The General Accounting Office, the investigative arm of US Congress, studied the process that led to the controversial appointments of five members to the Public Company Accounting Oversight Board created under the Sarbanes-Oxley Act.
It concluded that while Pitt was in charge, he left the process of selecting and vetting members to the chief accountant Robert Herdman. This approach was neither understood nor endorsed by the other commissioners.
‘The overall process that emerged was neither consistent nor effective and changed and evolved over time. Several factors contributed to the eventual breakdown of SEC’s selection and vetting process,’ the GAO reported.
The GAO found that a breakdown in communication, failure to define selection criteria and inability to produce a final slate of candidates until the eve of election, resulted in the appointment of members who had not been fully vetted.
On the day of election, 25 October, Herdman became aware of potentially controversial information about nominated PCAOB chairman William Webster, but decided not to share this information with Pitt or other commissioners.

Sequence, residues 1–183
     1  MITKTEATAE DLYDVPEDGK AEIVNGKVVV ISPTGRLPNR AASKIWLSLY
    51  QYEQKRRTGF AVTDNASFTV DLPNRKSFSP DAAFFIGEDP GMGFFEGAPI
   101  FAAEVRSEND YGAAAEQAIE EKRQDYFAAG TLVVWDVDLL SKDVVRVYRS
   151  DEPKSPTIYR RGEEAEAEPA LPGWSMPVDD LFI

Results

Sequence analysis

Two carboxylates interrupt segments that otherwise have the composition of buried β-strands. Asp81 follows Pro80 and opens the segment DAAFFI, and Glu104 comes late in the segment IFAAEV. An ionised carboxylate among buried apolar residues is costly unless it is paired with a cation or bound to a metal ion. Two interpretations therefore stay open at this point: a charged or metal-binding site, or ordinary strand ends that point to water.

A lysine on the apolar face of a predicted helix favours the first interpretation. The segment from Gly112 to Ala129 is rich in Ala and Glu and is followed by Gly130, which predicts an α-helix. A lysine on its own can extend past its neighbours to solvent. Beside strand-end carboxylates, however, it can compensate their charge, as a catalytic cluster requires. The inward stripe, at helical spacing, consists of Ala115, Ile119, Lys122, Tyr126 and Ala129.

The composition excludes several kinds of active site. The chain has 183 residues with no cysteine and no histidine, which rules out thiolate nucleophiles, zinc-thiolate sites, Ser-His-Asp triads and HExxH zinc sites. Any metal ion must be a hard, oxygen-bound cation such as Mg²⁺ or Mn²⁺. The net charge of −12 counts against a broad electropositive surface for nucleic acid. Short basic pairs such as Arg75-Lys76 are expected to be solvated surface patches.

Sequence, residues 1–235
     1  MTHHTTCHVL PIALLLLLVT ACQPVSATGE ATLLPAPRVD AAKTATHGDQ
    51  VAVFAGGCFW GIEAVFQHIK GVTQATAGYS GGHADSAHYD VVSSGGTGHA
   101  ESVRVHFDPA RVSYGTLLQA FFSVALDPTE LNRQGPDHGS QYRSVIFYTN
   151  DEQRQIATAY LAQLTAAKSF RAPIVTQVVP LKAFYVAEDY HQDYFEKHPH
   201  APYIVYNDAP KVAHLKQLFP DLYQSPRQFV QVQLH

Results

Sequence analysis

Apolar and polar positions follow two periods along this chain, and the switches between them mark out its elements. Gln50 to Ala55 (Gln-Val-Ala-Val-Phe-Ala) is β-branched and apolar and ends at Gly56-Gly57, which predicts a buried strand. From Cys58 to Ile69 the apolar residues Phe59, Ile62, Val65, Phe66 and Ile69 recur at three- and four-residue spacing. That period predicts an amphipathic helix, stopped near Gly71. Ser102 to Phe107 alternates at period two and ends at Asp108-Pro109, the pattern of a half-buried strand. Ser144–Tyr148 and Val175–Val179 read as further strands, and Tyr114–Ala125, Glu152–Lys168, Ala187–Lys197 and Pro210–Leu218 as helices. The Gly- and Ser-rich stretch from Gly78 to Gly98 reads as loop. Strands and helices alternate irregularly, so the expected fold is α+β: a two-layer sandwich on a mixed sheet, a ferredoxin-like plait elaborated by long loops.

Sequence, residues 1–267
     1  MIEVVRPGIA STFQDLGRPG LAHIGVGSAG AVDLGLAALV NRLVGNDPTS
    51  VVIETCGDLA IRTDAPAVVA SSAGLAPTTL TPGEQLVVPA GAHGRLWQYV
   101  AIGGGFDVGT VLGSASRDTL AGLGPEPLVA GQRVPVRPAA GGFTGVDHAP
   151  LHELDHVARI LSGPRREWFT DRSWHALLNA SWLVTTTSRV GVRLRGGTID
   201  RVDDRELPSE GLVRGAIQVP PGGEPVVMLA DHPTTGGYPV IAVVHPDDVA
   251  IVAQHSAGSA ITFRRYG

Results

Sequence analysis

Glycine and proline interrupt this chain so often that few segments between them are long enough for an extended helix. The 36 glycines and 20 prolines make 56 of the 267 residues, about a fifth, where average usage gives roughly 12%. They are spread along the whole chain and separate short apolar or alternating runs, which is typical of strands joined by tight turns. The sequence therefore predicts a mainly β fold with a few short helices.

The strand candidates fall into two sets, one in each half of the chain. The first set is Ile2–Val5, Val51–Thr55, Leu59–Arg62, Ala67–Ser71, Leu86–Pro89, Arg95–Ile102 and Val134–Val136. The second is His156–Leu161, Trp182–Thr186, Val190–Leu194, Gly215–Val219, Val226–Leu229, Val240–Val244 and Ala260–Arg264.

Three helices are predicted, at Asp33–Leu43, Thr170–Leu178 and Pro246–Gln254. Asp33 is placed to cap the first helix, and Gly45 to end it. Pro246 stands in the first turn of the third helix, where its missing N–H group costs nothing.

Does Darwin's theory apply to taxation? Colin ponders...
The EC has been instructed to draft a European Union (EU) directive authorising an EU financial transaction tax, which would apply to ten of the EU’s 28 member states
Accountancy watchdog the FRC has dropped its investigation into the former chief financial officer of Tesco, nearly two years after the supermarket was engulfed in an accounting scandal
Colin imagines how Apple's logo might change in the wake of the EC's ruling over its Irish tax arrangements